Welcome to Little Rock Inclusive ECD Center in the heart of Kibera, Nairobi's largest slum. It is an oasis for disabled and underprivileged youth and a learning center that welcomes children of all abilities; a place where talents are unearthed and youth are instilled with the confidence and knowledge they need in order to succeed.
Little Rock Inclusive Early Childhood Development Center is a school that provides early childhood education for orphans and vulnerable children in the Kibera slums. The school provides education, nutrition, health intervention for poor children, orphans, children infected and affected by HIV/AIDS, and children with special needs such as cerebral palsy, Down syndrome, deaf, mentally and physically handicapped, and those with autism.
LILY OYARE [Founder/Director, Little Rock ECD Center]
My name is Lily Oyare, I'm a teacher by profession and I'm the founder of Little Rock ECD Center. At the moment we are doing inclusive, so we call ourselves Little Rock Inclusive ECD Center, in the sense that we have included disabled children amongst us. I started Little Rock in 2003 after a visit in 2000. When I came, I found so many kids in the villages and not able to go to school, and the person who had invited me came in because he was sick and tired of seeing documentaries of African children, and also Kenya children, not accessing education.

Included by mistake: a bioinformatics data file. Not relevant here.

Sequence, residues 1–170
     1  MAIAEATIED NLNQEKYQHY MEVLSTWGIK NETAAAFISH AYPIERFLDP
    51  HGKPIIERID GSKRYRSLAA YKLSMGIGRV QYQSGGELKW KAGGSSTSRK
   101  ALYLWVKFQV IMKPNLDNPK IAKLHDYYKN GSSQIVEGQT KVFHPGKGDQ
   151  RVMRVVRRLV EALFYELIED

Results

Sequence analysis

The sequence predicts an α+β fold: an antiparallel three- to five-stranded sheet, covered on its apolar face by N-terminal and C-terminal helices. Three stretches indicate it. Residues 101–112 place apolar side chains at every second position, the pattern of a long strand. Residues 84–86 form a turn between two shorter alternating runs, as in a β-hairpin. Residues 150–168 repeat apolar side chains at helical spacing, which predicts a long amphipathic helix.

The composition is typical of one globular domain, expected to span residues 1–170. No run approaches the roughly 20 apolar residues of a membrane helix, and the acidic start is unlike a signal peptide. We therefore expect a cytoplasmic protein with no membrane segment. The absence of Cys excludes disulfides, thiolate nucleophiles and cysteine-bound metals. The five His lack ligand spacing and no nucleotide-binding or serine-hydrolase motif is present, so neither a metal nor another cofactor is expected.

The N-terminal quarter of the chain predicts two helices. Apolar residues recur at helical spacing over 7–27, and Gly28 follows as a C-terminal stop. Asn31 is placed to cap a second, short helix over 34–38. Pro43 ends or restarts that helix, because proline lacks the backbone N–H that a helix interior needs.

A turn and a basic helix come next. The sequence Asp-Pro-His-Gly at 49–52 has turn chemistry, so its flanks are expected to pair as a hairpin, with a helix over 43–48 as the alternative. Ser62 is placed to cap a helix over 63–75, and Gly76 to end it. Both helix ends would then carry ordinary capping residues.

The school, that was started in the year 2003 with only five children, is situated in Kibera Olympic, Nairobi, and presently has 110 disabled and 256 normal children. The school has 21 staff members and runs three programs: the daycare, kindergarten, and special unit. The school has children from about six months to 13 years coming to learn.
JOY KIRI NJUGUNA [Head Teacher, Little Rock ECD Center]
Here at Little Rock Inclusive Center we believe in good quality education for all the children. We have a daycare unit; we have children that are six months to children that are 12 years in the center. We cater to a range of abilities. I call them abilities. We have autism, we have children who are hearing impaired, we have children who are mentally handicapped, we have children who have cerebral palsy, and we have regular children. So all of them have different abilities.
We thought we'd start with five kids, but when we opened the center in 2003 October, the first day we had 12 children, the second day they became 22, the third day there were 35. Why? Because I had told myself that I would give these kids what my children get in their private school. So we had books, we had toys; we had set up the kindergarten like any other high cost school. I think the kids are going back home and telling their parents that this is the best school, and selling the school to the neighbors. So everyday we were getting new people coming for admission.
Little Rock runs from Monday to Friday with the children reporting to school at 7:30 am and lessons starting at 8:00 am. It aims at giving every child that passes through its structures a holistic development, a ray of hope that they can be who they want to be.
JUNE MUTHUKU [Deaf Teacher, Little Rock ECD Center]
We have five kids, some of whom are deaf and dumb, others are dumb, others are deaf. They are all different. Some can speak out but they are not able to hear, others cannot speak or even hear, but you find others can hear but they cannot speak.
LUCY MORAGE [Student/Volunteer, Little Rock ECD Center]